ROXBURY — Three selectmen, two Planning Board members and Code Enforcement Officer Robert Folsom Sr. held a workshop Tuesday evening to clarify the building permit application process.
They are also trying to determine what changes need to be made to take care of erosion concerns and have Folsom inspect more new building construction to ensure it is being done correctly.
Planning Board member Ron Dube told both boards that they are also trying to simplify permits and determine how often to use Folsom.
Board of Selectmen Chairman John Sutton said the town has only used half its budget for Folsom’s work to date. But Selectman Tim Derouche said selectmen will have to watch that budget going forward, especially if the Planning Board offers Folsom more work.
Dube said he and Planning Board members Mike Mills and Cathy Mattson will be working to better fill in record-keeping details so they will know what people have built or added to their lots. Dube said he’s also found errors made by the town assessor, but Sutton said he believes that information was derived from meeting with people.
Both boards tasked Folsom with checking with Main-Land Development Consultants for permitting records, such as for waste system installations, to learn what’s been installed in Roxbury and getting copies of permits-by-rule, which are done at the state level.
“We’re trying to chase down older installations,” Dube said.
Sutton said it’s incumbent on the Planning Board to keep permit records up-to-date with correct information.
“A lot of times, permit-by-rule doesn’t show up (in town records) because they only deal with the state on that,” Dube said. “It depends what they’re doing with their property and whether they need it or not.”
He said the Planning Board also needs clarification on certain fees, such as for different foundations. Sutton said some fees are added to offset the code enforcement officer’s costs.
He also wants to curb construction of certain outbuilding sizes that he believes are being abused to skirt town code.
“I want to put some restraints on 10- by 10-foot buildings,” Dube said. “Right now, if it’s less than 100 square feet, you don’t need a permit, and we’d like to get away from that.”
Dube said some people will build a 10- by 10-foot building, remove a wall, add another such building next to it, also removing a wall and construct a third building beside the second, removing another wall, eventually ending up with a 10- by 30-foot building that they didn’t need to get a permit for.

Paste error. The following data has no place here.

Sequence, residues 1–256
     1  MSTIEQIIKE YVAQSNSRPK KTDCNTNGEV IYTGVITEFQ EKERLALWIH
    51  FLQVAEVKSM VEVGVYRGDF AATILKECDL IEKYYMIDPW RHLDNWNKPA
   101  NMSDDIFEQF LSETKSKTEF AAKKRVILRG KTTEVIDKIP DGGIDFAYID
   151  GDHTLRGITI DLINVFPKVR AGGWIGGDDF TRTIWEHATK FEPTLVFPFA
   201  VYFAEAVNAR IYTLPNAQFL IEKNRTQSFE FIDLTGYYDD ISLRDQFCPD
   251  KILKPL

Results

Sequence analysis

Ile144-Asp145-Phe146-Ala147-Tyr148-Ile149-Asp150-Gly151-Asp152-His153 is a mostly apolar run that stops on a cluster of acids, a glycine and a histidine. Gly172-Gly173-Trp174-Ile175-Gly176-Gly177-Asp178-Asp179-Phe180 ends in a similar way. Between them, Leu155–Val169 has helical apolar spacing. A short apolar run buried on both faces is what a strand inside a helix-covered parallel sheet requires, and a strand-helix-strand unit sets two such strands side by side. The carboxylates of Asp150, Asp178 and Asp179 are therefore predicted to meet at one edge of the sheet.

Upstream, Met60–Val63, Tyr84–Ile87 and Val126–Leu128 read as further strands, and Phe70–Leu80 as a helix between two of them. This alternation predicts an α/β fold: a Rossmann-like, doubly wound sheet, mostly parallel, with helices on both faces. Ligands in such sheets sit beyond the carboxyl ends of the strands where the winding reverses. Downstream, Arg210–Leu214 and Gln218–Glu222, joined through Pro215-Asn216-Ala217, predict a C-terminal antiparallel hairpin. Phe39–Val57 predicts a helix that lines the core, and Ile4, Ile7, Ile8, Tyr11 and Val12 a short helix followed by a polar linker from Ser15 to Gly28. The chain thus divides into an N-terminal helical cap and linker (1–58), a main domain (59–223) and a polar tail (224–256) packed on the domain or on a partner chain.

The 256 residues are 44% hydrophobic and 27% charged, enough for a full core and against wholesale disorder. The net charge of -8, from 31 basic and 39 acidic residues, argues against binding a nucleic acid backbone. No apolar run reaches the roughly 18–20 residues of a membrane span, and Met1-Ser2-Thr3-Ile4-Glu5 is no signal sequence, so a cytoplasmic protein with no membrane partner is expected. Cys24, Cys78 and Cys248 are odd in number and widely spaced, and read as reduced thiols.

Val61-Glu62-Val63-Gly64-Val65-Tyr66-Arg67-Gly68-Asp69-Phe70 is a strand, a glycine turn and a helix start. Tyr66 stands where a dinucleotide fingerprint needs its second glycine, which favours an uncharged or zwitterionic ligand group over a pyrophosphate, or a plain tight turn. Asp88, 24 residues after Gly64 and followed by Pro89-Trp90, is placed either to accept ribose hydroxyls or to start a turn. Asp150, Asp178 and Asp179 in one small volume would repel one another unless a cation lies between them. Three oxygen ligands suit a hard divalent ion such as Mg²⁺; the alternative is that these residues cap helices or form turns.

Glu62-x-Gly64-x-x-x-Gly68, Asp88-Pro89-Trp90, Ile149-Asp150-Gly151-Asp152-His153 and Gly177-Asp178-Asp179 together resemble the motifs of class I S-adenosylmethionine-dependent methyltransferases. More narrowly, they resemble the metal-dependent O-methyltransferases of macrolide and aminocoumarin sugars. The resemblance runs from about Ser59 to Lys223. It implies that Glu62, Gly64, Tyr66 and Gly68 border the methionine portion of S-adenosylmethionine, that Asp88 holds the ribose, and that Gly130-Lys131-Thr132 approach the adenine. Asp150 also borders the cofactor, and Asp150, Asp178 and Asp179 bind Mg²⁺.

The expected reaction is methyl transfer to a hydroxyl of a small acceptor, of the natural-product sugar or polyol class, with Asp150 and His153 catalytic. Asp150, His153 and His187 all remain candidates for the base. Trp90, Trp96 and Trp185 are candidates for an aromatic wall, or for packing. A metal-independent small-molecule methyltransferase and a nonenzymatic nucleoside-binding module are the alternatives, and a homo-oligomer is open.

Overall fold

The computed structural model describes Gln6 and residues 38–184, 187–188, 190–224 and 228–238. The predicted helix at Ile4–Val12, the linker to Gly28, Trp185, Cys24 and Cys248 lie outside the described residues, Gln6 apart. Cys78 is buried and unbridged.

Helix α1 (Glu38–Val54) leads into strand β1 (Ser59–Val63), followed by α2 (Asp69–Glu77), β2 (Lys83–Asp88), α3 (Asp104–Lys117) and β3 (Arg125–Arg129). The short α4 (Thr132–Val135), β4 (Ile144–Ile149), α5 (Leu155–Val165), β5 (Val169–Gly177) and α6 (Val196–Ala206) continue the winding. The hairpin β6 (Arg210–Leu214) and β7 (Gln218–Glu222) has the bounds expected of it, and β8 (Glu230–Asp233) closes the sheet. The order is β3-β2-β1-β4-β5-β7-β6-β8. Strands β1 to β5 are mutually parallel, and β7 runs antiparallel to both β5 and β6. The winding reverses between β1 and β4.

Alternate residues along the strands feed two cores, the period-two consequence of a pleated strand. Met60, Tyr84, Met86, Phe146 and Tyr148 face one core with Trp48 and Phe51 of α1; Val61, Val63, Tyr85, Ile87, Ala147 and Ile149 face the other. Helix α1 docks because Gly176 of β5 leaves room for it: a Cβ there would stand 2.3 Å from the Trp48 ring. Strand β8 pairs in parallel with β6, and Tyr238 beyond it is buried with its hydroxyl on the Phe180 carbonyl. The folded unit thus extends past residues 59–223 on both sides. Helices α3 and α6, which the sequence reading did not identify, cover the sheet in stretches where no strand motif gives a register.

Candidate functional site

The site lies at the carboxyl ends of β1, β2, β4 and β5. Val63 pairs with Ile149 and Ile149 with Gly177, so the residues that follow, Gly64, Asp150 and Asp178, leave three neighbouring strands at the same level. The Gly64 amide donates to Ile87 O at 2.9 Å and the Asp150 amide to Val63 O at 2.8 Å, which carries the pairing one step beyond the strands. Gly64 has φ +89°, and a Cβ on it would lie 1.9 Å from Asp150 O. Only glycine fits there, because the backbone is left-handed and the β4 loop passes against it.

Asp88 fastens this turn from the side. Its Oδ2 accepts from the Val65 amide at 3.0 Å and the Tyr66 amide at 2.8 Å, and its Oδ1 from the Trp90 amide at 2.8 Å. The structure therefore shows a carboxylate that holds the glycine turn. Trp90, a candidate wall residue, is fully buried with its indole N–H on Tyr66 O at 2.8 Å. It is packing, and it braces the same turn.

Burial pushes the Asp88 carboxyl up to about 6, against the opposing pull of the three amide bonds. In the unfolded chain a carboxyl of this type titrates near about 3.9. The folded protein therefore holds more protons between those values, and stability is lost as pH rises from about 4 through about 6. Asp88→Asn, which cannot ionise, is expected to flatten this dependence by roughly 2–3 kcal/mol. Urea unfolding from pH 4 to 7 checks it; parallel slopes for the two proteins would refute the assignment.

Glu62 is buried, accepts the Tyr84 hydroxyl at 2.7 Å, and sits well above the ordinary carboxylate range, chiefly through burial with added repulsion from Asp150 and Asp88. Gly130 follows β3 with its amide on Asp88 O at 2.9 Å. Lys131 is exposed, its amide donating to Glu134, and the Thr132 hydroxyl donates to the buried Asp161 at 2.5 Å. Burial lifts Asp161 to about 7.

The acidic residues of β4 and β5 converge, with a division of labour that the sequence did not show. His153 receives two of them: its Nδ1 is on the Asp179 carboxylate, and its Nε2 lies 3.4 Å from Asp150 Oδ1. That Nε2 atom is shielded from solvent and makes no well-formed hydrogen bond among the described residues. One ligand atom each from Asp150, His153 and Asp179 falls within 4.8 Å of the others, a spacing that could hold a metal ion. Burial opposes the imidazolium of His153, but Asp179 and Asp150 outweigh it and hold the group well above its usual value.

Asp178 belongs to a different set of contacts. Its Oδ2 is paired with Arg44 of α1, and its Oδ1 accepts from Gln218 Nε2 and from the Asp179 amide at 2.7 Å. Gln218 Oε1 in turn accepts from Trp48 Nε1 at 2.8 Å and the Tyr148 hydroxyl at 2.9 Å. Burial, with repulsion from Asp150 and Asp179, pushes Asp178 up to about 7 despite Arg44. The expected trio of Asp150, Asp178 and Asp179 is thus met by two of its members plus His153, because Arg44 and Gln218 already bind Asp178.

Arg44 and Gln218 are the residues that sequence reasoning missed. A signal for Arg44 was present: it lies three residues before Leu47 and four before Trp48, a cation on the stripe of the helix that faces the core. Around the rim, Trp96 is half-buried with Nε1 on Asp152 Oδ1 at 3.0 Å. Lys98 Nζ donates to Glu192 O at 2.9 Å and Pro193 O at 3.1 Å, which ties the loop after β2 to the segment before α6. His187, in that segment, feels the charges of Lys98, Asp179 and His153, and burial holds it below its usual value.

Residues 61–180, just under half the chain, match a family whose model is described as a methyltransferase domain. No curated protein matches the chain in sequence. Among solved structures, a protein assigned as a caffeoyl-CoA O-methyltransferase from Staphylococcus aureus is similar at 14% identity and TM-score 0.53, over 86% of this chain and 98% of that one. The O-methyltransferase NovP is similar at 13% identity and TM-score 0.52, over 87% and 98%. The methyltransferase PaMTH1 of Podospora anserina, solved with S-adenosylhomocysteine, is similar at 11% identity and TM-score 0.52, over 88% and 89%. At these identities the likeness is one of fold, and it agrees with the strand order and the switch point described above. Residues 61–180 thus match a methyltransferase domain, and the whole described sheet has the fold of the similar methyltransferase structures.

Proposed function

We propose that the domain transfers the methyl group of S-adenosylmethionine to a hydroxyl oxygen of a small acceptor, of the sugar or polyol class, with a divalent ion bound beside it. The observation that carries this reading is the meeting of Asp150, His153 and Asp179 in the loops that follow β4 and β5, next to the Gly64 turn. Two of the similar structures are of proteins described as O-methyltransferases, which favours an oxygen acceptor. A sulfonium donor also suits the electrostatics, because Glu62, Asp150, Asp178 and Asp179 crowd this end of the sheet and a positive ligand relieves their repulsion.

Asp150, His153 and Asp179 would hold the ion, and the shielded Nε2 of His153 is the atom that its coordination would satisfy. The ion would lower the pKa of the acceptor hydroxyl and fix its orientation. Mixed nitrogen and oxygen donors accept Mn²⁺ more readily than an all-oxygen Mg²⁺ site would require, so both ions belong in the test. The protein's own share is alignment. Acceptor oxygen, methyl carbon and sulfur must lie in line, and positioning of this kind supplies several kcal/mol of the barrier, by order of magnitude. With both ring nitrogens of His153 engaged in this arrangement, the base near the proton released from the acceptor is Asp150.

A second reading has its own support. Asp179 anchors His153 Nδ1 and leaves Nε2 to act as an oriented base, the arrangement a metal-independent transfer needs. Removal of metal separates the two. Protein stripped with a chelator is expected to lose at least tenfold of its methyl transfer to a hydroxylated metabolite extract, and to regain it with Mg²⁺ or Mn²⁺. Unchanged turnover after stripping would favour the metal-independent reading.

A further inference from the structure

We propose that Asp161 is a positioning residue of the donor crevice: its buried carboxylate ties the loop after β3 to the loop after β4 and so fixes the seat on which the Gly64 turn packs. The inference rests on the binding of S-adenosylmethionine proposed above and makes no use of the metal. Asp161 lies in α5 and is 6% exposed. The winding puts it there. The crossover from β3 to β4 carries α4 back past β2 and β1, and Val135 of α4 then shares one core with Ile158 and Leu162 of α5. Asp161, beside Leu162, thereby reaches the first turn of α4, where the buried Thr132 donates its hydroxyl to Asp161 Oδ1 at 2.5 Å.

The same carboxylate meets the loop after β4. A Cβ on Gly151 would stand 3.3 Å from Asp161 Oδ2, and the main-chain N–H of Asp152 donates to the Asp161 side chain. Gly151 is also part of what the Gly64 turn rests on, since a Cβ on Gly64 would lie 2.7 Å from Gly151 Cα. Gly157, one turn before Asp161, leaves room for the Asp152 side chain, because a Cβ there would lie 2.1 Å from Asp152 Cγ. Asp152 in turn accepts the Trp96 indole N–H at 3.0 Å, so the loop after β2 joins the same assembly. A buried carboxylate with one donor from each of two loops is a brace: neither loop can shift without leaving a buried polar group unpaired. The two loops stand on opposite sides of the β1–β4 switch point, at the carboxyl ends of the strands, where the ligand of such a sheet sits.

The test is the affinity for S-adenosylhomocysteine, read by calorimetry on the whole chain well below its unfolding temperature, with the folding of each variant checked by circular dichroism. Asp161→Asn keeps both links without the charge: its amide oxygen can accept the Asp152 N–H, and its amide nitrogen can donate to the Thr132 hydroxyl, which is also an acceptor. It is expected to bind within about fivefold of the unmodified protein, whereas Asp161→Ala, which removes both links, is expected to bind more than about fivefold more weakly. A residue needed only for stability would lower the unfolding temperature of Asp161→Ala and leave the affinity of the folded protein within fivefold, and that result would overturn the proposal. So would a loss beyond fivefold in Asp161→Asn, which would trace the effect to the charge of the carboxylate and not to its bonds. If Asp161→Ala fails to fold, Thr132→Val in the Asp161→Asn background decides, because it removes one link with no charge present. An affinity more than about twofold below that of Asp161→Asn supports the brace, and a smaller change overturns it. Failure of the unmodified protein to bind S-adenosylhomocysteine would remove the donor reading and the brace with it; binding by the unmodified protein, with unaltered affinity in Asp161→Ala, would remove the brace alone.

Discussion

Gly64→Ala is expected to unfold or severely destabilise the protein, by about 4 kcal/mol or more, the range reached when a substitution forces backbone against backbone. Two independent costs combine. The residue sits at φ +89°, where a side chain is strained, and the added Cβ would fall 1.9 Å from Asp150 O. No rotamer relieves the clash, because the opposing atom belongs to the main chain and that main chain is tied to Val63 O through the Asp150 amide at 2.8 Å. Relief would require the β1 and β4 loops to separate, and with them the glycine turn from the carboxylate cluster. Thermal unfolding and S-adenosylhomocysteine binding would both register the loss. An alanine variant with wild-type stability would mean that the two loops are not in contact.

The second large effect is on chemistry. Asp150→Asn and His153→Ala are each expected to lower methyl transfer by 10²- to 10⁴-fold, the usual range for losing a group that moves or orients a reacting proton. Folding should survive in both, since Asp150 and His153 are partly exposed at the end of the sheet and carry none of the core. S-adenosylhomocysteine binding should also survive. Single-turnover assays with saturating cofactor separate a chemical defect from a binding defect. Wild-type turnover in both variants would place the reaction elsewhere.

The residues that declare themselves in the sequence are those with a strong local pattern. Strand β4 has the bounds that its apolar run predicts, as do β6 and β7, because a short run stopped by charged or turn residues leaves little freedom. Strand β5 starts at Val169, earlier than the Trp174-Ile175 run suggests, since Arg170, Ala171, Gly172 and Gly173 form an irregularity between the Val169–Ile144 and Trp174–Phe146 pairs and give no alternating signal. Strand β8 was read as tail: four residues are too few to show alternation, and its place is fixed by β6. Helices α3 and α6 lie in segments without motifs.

“If it doesn’t exceed 30 percent of his lot, what do we care?” Selectman Sutton asked.
Dube said the Planning Board doesn’t have any control over “these little structures.”
Sutton said he believes a permit should be required for any buildings.
Folsom also advised both boards that some Maine landowners are plunking down shipping containers that come with living rooms and art studios. He asked how that would be regulated in Roxbury and suggested that the town adopt a building code.
“We don’t inspect modular homes because that is done in the factory, but we do inspect foundations,” Folsom said.
He also cited poor building construction by people who don’t separate garages from homes or don’t insulate foundation slabs for frost.
The Planning Board is also working to create a checklist of what is required in the Shoreland Zone.
When completed, the checklist will be attached to permit applications, as will a list of suggested erosion-control measures, where required. The Planning Board will add a permit-by-rule document to the application, and a copy will be provided to the code enforcement officer so he can inspect the work to determine if effective soil control measures are in place and working.
Eventually, talk shifted to possibly requiring a Certificate of Occupancy before allowing people to live in new buildings, but Folsom said the town would be better served by requiring a Certificate of Compliance, since Roxbury doesn’t have a building code.
“Roxbury has a Certificate of Occupancy that’s based on a code it doesn’t have?” Dube asked.
Folsom suggested that both boards review the Maine Uniform Building and Energy Code to determine if Roxbury should adopt part or all of it.